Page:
LAS VEGAS — James Michael McAdoo had nothing but swaths of space before of him. The Warriors forward streaked down the court after a Milwaukee Bucks turnover, his teammate hitting him with a great lead pass while the rest of the Bucks trailed behind. His path to the basket, and therefore, two points, could not have been clearer. Even when the Bucks gained a bit of ground after McAdoo couldn’t initially corral the pass, there was still only air between McAdoo and the basket.

He gathered the ball and jumped to the hoop, his path still relatively unobstructed, save for the Bucks’ Chris Wright, who managed to catch up and jump with McAdoo. Even with Wright’s presence, McAdoo was able to adjust accordingly and loft the ball over the defender.

Newton’s first law states that an object in motion will stay in motion with the same speed and trajectory unless acted upon by an unbalanced force. When McAdoo hoisted the ball over Wright, he set the ball’s motion, speed and trajectory and charted a clear course for the basket. That is, until Johnny O’Bryant, bounding from the top of the restricted circle, and his unbalanced force smacked it into the media section on the baseline.

It was the type of timing, hustle and skill that’s become typical of O’Bryant throughout the Las Vegas summer league.

After a junior campaign at LSU that saw O’Bryant post averages of 15 points and nearly eight rebounds per game, O’Bryant declared for the NBA draft and was selected by the Bucks with the sixth pick in the second round. O’Bryant hasn’t recorded quite those prolific numbers in Las Vegas — he averaged eight points and five rebounds per game through five games — but he’s nonetheless won over his coaches, even surprised them, with his skill and work ethic.

“There probably aren’t a whole lot of guys like him who, when you say it, he tries to do it exactly like you tell him to do it,” Bucks summer league coach Sean Sweeney said. “He’s skilled on the inside. He’s got more skill on the outside than I anticipated. His attitude, effort and skill-set were all impressive.”

That skill on the outside, the ability to pull bigger forwards away from their comfort zone on defense is an increasingly sought-after commodity in the NBA. A reliable outside shot and the ability to face up with the ball in his hands means O’Bryant’s defender has to come out of the paint to defend him, leaving him in unfamiliar waters and usually giving O’Bryant a distinct advantage. It also helps O’Bryant compensate for his slightly less-than-ideal height for an NBA power forward, as he stands at 6-foot-8 (his massive 7-2 wingspan certainly doesn’t hurt, either). He’s stocky, but fluid, with uncommon handles for a player his size, something the Bucks used to their advantage during summer league by letting O’Bryant bring the ball up on in fast break situations.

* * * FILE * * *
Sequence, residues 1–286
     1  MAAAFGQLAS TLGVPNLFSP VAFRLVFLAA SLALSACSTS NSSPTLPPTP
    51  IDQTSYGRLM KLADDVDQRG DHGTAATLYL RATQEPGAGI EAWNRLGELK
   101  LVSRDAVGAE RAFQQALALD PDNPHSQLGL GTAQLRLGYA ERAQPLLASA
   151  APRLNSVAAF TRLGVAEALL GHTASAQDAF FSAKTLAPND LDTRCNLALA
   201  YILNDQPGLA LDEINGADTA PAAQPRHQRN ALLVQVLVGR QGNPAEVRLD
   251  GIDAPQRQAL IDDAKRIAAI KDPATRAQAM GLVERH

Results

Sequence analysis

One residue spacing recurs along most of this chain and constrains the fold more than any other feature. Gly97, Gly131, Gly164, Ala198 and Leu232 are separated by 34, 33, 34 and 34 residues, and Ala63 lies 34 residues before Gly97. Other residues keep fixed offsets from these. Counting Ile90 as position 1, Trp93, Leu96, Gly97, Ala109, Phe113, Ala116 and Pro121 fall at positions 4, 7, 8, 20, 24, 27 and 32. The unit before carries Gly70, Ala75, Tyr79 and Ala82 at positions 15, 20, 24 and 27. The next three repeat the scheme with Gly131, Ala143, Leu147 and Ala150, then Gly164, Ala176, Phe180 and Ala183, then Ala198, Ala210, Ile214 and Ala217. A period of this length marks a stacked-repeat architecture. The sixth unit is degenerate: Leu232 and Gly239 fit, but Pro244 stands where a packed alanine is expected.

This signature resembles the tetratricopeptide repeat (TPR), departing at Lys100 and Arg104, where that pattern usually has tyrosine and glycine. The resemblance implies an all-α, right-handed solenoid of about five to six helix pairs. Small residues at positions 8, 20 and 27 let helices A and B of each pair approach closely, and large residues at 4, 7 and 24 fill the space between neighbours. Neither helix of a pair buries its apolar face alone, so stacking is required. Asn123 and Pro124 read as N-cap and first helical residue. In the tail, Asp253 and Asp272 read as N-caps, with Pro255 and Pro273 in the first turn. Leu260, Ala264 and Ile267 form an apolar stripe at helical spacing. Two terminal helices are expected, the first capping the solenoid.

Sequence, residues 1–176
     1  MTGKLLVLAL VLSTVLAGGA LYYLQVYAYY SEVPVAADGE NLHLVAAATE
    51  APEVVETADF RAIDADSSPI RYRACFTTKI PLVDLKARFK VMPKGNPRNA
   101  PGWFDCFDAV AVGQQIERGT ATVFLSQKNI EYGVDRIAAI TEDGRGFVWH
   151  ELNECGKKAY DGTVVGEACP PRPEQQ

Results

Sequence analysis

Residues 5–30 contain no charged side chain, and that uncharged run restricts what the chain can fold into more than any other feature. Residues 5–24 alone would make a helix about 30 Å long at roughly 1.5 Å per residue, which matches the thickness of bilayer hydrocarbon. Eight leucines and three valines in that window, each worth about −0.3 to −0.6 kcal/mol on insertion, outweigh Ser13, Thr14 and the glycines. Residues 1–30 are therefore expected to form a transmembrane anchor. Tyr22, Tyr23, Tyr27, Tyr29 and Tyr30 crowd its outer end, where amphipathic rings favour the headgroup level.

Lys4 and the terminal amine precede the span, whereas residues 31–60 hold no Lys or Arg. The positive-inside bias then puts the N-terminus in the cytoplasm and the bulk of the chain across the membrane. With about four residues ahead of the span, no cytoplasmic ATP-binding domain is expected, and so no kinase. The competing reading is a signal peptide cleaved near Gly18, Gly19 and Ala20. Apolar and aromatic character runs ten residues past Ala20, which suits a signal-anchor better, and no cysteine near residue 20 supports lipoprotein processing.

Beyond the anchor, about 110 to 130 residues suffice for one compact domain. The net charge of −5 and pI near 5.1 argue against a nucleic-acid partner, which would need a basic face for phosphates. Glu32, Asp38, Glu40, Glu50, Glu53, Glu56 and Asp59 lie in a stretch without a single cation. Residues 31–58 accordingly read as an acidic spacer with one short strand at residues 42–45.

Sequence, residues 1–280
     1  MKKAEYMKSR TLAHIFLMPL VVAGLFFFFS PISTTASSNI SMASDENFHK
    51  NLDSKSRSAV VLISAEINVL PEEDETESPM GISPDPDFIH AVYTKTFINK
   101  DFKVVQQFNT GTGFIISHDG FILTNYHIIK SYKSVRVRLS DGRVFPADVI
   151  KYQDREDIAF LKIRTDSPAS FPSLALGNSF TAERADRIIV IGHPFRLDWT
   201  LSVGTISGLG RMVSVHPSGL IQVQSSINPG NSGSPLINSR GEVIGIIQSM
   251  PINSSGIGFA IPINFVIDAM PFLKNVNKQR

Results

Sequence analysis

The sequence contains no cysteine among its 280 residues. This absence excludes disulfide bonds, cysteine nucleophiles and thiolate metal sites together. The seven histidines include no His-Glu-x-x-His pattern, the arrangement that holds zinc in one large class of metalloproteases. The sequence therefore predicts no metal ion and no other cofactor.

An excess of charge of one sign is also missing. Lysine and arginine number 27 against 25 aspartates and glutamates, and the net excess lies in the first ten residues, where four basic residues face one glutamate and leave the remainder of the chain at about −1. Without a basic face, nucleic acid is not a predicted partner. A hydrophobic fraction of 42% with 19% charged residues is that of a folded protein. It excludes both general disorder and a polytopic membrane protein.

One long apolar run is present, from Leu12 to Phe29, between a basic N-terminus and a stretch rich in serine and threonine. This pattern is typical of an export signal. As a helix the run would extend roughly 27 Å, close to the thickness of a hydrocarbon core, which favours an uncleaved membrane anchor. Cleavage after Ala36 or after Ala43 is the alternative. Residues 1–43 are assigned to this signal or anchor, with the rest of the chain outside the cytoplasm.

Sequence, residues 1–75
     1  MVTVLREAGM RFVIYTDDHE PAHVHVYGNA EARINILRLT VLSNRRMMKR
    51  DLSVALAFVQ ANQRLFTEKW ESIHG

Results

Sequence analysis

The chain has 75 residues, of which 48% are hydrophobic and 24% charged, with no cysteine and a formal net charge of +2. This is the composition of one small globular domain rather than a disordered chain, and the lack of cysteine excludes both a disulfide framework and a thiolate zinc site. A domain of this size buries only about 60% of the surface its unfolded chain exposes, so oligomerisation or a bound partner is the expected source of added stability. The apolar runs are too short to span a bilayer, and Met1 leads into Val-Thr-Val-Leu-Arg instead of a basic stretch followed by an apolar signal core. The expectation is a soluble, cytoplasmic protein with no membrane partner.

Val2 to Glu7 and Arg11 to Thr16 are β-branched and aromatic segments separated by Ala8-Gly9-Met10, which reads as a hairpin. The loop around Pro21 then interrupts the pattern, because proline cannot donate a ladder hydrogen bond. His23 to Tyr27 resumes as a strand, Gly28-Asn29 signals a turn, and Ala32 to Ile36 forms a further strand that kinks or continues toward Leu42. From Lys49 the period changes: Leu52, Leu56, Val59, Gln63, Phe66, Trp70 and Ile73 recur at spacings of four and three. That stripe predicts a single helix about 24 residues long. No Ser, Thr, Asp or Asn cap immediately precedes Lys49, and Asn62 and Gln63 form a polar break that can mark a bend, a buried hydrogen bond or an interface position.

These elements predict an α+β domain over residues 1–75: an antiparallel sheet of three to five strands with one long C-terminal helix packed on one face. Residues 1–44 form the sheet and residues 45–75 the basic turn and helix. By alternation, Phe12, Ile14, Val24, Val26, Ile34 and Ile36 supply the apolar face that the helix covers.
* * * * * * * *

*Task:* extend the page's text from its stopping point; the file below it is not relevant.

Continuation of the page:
Like any rookie getting a first taste of NBA action, adapting to the speed of the professional game has been a major adjustment for O’Bryant, who acknowledged his mind was “all over the place” in his first few games.

“Coming from college, you walk the ball up, then get into the set,” O’Bryant said. “(In the NBA) you’re busting the ball up the court, running your set, shoot, then you’re back on defense. Everything’s fast-paced; everything’s up and down.”

“He needs to continue to understand the game on both ends of the ball,” Sweeney said. “Understanding his niche, his body, how to play against the bigger guys and the speed of the game. All those things are important for him.”

O’Bryant said the coaches have told him to slow down and “watch the game flow.”

There’s a certain noticeable creativity that courses through O’Bryant’s game, stemming from his off-court interests, which include, among others, fashion, art, painting — anything where O’Bryant can use his creative mind.

“(I’m) able to think outside the box,” O’Bryant says. “I know what’s coming next for a team. Most big men don’t react quick, and I’m the type of guy who reacts quick and is always on to the next play.”

O’Bryant’s true passion, one in which his platform as a professional will certainly help him, is philanthropy. The NBA lifestyle affords comforts and luxuries the general population can only dream about, from private jets to live-in chefs. It also presents athletes with an immense opportunity and responsibility, that being, acting as role models and improving the community.

“I’m just trying to help people and help kids,” O’Bryant said. “I didn’t come from a lot, so I’m happy to give back to the community. That’s a big reason I got here, so I can be a motivation to someone else.”